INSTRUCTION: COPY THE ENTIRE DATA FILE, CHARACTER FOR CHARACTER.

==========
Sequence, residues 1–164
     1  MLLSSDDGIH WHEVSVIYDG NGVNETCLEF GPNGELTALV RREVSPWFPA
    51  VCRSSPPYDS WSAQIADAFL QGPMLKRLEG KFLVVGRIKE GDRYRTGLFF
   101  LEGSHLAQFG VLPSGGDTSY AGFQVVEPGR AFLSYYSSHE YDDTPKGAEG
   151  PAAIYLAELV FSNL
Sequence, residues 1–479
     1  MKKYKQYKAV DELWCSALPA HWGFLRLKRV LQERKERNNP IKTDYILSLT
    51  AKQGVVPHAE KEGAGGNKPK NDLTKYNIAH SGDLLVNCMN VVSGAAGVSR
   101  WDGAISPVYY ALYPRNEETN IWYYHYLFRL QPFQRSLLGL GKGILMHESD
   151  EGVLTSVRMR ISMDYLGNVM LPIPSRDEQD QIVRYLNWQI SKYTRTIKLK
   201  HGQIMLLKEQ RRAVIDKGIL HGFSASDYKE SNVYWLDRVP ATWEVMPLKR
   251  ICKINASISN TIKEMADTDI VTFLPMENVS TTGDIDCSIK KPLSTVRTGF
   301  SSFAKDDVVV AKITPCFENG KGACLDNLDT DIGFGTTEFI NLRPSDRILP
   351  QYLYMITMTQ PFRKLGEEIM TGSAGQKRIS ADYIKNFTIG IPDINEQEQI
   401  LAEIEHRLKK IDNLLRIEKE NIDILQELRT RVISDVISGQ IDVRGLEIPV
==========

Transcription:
Sequence, residues 1–164
     1  MLLSSDDGIH WHEVSVIYDG NGVNETCLEF GPNGELTALV RREVSPWFPA
    51  VCRSSPPYDS WSAQIADAFL QGPMLKRLEG KFLVVGRIKE GDRYRTGLFF
   101  LEGSHLAQFG VLPSGGDTSY AGFQVVEPGR AFLSYYSSHE YDDTPKGAEG
   151  PAAIYLAELV FSNL
Sequence, residues 1–479
     1  MKKYKQYKAV DELWCSALPA HWGFLRLKRV LQERKERNNP IKTDYILSLT
    51  AKQGVVPHAE KEGAGGNKPK NDLTKYNIAH SGDLLVNCMN VVSGAAGVSR
   101  WDGAISPVYY ALYPRNEETN IWYYHYLFRL QPFQRSLLGL GKGILMHESD
   151  EGVLTSVRMR ISMDYLGNVM LPIPSRDEQD QIVRYLNWQI SKYTRTIKLK
   201  HGQIMLLKEQ RRAVIDKGIL HGFSASDYKE SNVYWLDRVP ATWEVMPLKR
   251  ICKINASISN TIKEMADTDI VTFLPMENVS TTGDIDCSIK KPLSTVRTGF
   301  SSFAKDDVVV AKITPCFENG KGACLDNLDT DIGFGTTEFI NLRPSDRILP
   351  QYLYMITMTQ PFRKLGEEIM TGSAGQKRIS ADYIKNFTIG IPDINEQEQI
   401  LAEIEHRLKK IDNLLRIEKE NIDILQELRT RVISDVISGQ IDVRGLEIPV